The preferential concentration of LREE by plants has been observed by several authors. Miao et al. (2007) observed that the fractionation of HREE in relation to LREE occurs during transport in the soil-plant system. According to these authors, organic acids of low-molecular weight are dominant in solubilizing LREE, so they increase their availability and consequent absorption by plants. Zhang et al. (2002) proposed that fractionation does not occur during the absorption of REE in the rhizosphere, but during transport and deposition of REE in the vegetal tissues. Wang et al. (1997) and Ding et al. (2006) suggest that REE fractionation occurs either, in the rhizosphere or in the plant tissues, by reacting with organic ligands. A comparison of REE contents in plant and soil samples (Fig. 3) shows that LREE and MREE are more enriched than HREE in plants. Cerium is less mobilized to the plant than other LREE. Lutecium and Gd can show slight positive anomalies that can be ascribed to the tetrad effect of W-type. Europium shows a variable behavior with positive or negative anomalies that can be explained by the oxidation (Eu+++ versus Eu++) in the soil/plant system.
The tetrad effect W-type observed in the plant samples reflects the higher absorption of those REE that demand more energy for forming complexes, as discussed by Sastri et al. (2003). Fu et al. (1998) proposed that the tetrad effect in plants is controlled by the form of REE ions in the absorbed solutions; therefore, it depends on the occurrence of them as organic complexes or free cations. Solutions where complexes of REE are predominant in relation to free cations will precipitate compounds with M-type patterns; when free cations are dominant, W-type patterns will be produced. Hence, according to those authors, the W-type patterns indicate that the REE where absorbed by the plant dominantly as free cations. As additional evidence, Fu et al. (1998) explain the negative Ce anomalies by its oxidation in the soil/plant system to tetravalent Ce, a more insoluble form that would be less absorbed by the plant.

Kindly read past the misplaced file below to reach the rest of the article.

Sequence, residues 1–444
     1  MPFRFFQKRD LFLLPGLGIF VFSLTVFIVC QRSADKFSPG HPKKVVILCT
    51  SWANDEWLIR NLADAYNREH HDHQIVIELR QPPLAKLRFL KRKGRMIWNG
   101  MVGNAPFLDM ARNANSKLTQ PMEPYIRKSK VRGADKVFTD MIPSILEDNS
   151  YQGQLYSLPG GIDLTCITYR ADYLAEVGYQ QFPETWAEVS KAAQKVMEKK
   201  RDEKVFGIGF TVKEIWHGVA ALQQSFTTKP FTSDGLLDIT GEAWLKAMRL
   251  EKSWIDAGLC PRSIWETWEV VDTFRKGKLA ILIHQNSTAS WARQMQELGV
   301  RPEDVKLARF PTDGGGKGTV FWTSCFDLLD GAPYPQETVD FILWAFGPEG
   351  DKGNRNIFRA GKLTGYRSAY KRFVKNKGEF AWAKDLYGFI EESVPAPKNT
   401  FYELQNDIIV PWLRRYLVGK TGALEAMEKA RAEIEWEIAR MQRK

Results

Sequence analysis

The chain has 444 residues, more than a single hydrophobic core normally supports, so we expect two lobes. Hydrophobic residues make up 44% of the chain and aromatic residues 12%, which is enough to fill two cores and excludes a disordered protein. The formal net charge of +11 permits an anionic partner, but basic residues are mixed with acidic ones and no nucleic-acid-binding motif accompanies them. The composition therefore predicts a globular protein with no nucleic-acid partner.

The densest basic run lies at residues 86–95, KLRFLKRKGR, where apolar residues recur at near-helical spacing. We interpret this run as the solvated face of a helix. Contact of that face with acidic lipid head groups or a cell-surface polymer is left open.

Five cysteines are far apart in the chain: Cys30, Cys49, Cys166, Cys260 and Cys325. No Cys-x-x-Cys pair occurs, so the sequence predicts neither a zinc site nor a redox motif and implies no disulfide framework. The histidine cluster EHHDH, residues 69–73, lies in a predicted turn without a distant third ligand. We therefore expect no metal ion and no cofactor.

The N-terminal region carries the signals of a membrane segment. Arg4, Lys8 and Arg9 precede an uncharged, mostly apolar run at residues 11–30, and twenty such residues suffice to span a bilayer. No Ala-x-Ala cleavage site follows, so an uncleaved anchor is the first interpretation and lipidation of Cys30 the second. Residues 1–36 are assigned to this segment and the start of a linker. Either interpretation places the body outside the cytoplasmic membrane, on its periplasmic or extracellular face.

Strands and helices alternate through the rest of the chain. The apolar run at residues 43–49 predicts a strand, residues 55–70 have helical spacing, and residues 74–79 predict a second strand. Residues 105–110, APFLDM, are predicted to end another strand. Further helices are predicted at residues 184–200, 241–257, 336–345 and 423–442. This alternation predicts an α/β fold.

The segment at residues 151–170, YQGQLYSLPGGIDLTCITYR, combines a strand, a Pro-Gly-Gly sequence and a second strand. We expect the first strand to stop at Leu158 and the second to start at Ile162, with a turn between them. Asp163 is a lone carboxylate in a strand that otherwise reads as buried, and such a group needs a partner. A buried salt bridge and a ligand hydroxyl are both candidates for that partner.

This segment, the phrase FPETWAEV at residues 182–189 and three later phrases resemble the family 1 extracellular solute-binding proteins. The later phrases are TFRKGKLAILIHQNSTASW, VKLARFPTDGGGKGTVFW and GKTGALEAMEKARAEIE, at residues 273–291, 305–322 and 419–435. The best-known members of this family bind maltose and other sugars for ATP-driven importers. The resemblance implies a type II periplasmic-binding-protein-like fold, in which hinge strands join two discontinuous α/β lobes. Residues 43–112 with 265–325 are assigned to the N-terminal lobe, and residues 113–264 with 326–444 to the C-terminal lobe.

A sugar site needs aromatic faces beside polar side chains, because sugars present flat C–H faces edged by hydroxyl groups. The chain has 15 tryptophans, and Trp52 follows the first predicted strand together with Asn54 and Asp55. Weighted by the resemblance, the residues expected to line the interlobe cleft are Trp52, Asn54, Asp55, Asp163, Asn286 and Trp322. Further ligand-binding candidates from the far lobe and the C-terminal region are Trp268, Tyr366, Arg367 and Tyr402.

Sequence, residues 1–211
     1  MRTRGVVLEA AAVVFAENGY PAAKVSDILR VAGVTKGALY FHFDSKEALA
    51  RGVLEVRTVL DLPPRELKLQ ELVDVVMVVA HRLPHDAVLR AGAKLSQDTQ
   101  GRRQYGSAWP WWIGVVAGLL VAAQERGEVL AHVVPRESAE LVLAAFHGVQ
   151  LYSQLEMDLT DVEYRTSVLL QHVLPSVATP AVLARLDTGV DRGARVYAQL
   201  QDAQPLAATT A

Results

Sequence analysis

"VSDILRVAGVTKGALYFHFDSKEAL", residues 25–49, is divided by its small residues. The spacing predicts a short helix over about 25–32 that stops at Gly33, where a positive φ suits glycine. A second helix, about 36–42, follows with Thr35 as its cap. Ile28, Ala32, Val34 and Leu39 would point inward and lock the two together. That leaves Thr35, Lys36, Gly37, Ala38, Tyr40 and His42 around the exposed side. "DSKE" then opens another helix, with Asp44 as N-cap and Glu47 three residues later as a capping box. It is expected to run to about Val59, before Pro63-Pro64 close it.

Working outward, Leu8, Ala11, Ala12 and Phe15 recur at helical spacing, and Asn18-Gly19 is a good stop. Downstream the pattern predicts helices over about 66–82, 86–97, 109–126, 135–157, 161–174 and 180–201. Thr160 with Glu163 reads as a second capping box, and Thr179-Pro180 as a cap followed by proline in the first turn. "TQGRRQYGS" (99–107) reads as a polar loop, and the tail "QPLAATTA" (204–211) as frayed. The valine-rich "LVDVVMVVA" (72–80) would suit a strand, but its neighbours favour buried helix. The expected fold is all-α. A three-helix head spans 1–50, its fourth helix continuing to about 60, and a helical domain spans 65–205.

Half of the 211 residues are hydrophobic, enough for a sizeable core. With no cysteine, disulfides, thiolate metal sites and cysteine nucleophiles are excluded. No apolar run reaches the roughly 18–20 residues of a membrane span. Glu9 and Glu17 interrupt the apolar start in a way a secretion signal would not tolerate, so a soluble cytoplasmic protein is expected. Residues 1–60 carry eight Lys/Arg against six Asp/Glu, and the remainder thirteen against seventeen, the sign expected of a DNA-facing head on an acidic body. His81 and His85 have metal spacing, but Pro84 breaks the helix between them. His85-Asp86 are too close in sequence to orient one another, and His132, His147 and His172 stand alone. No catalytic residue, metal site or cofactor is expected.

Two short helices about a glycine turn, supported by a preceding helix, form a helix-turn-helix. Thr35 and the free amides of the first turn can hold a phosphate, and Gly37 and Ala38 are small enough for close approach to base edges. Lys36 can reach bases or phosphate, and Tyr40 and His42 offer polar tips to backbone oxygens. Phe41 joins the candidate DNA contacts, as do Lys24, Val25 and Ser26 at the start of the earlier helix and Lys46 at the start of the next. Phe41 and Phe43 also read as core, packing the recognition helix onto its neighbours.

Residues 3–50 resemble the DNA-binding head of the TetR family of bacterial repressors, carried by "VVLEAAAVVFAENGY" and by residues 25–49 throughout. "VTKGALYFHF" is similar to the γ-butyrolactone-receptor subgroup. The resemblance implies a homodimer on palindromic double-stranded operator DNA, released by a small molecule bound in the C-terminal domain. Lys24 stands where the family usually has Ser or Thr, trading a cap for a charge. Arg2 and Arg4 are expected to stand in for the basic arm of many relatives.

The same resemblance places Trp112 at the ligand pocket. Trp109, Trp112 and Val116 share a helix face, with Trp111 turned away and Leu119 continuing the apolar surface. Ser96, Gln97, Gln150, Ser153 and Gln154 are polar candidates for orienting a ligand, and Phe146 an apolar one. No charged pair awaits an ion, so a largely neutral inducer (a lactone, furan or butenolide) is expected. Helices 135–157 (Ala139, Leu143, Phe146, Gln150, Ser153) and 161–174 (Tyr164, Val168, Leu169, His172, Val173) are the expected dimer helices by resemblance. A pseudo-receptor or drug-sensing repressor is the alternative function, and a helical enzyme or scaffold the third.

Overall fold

Kovalevskii (1979) determined that the absorption of chemical elements by plants in the soil/plant system is 3,000 times higher as soluble forms than as solid phases. The W-type tetrad effect observed in the S. lentiscifolius in the Lavras do Sul area indicates that the soluble forms are free ions as proposed by Fu et al. (1998) for ferns.
There are some general similarities in rocks, soils and plants in the Lavras do Sul area such as an approximate parallelism of chondrite-normalized REE patterns. The patterns determined in S. lentiscifolius samples when compared to those of soils show, however, relevant differences: LREE enrichment, negative Ce anomalies, variable behavior of Eu, and, particularly the development of W-type patterns, resulting in a tetrad effect. The W-type patterns are interpreted as indicating that REE were absorbed by S. lentiscifolius as simple ions rather than as complex ions or, alternatively, that the transport of REE in the plant metabolic processes was as free ions. Ce and Eu anomalies are caused by oxidation of these elements to tetra and trivalent forms, respectively, which reduces their mobility in the soil/plant system, and, consequently the Ce and Eu availability to plants. The Gd and Lu positive anomalies were observed in other plant species by other authors (Semhi et al. 2009, Lima e Cunha et al. 2009) and can be explained by the tetrad effect of W-type, as previously proposed by Fu et al. (1998, 2000) and Lima e Cunha et al. (2010). W-type patterns such as those described in this paper have been referred mainly in sea-water and minerals deposited from hydrothermal solutions. The recognition of tetrads, either, M- or W-type patterns, is an additional tool for understanding the biogeochemistry of REE and can contribute to the study of monitoring processes of contaminated environment or to mineral prospecting.
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Maria do Carmo Lima e Cunha
Manuscript received on May 27, 2011
accepted for publication on August 11, 2011